Tuesday, January 13, 2009

Chicago Tribune Rearranges Deck Chairs As Its Ship Sinks -- Now Will Publish in Two Formats

The Chicago Tribune continues its slow slide to oblivion, which is very, very sad to see for those of us who appreciate the critical role newspapers play when they do their job well in a balanced and fair way.

The Tribune has announced (link) that it will convert from a broadsheet to a tabloid format for street sales, retaining the larger, traditional format only for home delivery. It claims that content will be the same, although I'm skeptical for if so why would it incur additional costs to publish in two formats. The Tribune apparently hopes to attract more "street " purchases, now a small fraction of their overall sales, by people, otherwise craving for the Tribune's product, currently put off by the larger format.

The Tribune continues to struggle to survive. Its parent company is in bankruptcy (link), it seems indifferent to the web given its mediocre and slow site, and it recently apologized (link) for its dumbed-down appearance and content since its last redesign only months ago (which I wrote about here).

This latest move is truly rearranging deck chairs as the big ship sinks. I recall the old broadsheet Chicago American newspaper, which in its final days 30-40 years ago also clutched at straws as it drowned: less content; dumbed-down articles; a shift to tabloid format, and a name change -- to the chicago today -- all lower case apparently so as to not seem intimidating to potential readers (believe it or not).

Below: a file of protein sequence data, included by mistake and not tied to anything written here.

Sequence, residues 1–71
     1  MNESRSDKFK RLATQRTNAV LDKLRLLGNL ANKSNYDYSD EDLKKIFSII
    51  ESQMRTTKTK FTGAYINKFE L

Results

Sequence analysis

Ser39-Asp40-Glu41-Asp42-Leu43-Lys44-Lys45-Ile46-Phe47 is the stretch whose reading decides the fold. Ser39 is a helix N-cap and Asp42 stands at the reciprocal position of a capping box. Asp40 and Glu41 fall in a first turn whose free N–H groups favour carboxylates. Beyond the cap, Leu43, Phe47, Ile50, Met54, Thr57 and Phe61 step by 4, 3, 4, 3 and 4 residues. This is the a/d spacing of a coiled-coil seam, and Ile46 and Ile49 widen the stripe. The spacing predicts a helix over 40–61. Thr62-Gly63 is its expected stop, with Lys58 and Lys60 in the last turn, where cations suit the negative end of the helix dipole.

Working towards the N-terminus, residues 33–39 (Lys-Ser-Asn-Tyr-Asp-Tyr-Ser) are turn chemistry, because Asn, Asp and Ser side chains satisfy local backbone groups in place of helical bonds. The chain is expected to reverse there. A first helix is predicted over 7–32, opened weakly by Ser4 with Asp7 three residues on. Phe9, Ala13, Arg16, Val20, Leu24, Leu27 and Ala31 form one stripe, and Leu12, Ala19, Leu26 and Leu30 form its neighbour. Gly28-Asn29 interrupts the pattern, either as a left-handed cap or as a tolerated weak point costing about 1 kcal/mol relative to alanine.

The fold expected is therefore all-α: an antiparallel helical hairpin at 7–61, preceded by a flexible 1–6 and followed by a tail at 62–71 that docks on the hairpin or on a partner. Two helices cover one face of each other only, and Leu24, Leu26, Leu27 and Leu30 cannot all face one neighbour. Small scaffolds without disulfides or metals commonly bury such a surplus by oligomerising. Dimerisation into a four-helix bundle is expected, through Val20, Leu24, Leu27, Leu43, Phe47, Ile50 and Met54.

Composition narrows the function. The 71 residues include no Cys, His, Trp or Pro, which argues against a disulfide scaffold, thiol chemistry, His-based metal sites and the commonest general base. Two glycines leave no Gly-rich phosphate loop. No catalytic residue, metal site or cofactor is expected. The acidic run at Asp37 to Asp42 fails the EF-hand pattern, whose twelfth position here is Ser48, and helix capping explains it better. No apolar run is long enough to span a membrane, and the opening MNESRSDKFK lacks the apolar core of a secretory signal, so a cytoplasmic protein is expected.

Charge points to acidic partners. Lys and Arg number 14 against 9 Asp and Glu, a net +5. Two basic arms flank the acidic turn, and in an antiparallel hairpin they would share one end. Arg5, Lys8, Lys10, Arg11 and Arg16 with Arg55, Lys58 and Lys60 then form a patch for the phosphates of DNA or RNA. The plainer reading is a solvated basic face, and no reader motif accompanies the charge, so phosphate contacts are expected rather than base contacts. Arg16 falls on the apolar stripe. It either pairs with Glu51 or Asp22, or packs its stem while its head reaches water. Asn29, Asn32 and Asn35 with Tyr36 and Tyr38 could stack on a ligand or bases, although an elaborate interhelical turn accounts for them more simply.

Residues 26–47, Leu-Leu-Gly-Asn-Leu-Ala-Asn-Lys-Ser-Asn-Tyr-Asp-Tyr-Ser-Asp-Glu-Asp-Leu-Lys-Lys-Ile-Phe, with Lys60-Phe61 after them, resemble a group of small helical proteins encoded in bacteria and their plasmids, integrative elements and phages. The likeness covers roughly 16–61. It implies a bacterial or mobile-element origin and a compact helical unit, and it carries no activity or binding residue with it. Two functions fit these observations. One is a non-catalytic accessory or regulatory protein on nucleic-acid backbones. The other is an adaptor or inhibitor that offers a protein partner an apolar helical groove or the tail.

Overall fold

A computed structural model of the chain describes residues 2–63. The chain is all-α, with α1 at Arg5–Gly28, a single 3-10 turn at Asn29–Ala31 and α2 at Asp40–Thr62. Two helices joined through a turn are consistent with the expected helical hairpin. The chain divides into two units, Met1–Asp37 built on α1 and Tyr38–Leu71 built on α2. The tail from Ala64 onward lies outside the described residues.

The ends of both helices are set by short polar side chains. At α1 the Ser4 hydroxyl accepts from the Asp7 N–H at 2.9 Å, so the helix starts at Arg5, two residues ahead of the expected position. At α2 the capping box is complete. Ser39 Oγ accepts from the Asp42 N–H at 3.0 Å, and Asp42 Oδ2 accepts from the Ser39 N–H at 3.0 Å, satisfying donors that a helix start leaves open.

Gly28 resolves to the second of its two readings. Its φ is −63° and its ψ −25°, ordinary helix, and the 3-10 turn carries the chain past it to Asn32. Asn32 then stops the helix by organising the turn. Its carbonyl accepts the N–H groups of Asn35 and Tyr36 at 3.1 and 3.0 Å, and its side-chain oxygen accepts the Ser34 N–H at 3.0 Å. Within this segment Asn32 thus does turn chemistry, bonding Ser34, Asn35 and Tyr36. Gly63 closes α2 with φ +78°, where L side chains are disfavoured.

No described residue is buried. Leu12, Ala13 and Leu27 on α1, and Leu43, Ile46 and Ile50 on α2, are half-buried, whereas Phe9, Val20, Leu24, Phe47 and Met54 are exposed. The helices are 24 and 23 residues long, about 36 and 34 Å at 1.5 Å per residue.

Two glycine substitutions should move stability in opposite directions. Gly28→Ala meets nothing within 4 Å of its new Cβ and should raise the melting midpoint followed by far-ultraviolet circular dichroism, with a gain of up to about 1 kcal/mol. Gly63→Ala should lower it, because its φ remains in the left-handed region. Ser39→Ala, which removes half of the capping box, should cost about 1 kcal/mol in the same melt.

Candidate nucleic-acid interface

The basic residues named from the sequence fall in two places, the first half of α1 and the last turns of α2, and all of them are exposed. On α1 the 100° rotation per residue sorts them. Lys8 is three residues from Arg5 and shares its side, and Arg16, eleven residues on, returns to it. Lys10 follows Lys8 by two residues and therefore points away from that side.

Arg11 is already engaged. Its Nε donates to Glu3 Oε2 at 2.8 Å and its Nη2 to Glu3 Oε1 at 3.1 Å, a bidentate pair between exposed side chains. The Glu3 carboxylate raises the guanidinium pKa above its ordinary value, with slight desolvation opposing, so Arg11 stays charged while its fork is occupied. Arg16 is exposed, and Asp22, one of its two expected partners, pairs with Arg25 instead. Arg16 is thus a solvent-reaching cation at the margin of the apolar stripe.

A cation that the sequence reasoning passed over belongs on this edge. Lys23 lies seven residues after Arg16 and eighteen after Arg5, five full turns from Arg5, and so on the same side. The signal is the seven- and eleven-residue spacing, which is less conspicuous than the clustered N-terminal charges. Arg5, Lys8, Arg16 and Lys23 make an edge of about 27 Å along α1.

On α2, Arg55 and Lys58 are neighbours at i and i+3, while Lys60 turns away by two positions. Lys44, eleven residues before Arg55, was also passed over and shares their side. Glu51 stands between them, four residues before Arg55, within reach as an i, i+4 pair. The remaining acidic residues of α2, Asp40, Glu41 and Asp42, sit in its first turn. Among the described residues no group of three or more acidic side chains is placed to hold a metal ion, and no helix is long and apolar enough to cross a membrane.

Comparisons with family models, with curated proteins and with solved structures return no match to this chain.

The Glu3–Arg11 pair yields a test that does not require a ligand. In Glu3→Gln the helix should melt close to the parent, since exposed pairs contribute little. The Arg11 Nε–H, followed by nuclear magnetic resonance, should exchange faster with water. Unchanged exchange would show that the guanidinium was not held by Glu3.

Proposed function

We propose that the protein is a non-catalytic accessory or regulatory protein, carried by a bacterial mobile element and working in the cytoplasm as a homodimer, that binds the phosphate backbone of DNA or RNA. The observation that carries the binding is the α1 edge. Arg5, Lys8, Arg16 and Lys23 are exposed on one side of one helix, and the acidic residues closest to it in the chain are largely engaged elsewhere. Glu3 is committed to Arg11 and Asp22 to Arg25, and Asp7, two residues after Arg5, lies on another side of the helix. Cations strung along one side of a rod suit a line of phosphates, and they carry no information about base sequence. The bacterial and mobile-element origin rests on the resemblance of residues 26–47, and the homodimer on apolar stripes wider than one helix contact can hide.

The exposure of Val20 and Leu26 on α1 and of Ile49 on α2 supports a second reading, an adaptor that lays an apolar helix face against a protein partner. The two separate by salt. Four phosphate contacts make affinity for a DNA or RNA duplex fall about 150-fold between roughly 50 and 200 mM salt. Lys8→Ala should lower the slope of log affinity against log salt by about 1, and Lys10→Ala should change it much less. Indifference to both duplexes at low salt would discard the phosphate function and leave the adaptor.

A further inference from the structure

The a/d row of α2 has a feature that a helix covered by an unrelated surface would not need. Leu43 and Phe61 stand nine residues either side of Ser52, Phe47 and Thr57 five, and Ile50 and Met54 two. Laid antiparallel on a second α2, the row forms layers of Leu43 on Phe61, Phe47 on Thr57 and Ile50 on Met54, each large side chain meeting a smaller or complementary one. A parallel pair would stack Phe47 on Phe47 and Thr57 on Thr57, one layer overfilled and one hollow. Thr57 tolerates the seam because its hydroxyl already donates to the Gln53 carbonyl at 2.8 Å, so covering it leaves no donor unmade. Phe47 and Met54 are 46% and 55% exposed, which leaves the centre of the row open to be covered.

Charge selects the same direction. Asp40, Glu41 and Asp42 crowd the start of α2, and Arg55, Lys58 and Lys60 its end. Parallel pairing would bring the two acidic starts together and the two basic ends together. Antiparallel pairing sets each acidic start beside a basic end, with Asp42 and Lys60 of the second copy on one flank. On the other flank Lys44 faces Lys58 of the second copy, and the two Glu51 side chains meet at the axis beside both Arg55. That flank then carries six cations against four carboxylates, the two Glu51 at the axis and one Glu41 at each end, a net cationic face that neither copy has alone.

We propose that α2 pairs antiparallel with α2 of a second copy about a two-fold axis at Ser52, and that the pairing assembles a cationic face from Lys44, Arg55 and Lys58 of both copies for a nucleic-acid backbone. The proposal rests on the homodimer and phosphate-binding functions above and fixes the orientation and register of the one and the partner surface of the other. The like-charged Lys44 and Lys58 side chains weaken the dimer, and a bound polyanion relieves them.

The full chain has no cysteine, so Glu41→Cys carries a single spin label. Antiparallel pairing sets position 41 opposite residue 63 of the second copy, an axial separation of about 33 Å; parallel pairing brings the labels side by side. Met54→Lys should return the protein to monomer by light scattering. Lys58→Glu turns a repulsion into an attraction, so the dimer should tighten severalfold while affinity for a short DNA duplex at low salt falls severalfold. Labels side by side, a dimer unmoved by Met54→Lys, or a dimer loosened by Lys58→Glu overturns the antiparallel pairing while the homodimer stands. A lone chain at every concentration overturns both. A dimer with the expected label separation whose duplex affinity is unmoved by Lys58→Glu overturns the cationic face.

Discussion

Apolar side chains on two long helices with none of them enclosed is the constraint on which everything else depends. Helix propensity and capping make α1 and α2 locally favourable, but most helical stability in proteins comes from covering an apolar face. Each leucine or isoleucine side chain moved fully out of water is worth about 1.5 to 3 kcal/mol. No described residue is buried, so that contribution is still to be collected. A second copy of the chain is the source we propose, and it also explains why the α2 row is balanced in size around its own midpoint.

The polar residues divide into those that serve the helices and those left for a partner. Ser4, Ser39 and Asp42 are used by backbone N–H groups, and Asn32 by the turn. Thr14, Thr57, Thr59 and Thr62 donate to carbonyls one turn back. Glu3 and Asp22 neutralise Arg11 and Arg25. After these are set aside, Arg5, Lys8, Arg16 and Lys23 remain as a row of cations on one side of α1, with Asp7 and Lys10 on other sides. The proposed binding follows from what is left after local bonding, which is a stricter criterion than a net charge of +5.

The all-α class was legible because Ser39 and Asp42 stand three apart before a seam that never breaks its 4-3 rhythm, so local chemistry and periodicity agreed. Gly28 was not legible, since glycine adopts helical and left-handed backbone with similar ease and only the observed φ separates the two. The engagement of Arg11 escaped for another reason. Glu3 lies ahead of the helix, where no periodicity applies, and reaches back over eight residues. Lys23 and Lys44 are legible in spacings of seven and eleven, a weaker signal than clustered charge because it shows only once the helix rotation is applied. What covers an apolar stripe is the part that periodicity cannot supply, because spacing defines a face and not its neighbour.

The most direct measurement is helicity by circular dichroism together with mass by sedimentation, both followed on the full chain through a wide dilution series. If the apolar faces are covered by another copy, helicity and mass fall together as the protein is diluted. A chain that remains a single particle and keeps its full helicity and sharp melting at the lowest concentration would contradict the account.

Yes, the internet has dramatically changed the world for newspapers, who no longer have a monopoly on news and information and whose biases in reporting, undoubtedly longstanding, are now painfully exposed. But it is not at all clear that "newspapers" cannot survive. They must, however, reinvent themselves as a news and information source with multiple distribution methods focused on delivering content so good and original that customers will pay for it, even on the web. They would need to be much leaner and much more focused, and not offend potential customers with bias in "straight" news reporting (link). The customer base would be smaller but profitable.

Since the Tribune management thinks their ship is sinking because the deck chairs are poorly arranged, time for new management, and there is not a moment to lose. Trying to appeal better to people who don't read much is doomed to fail.

John M Greco

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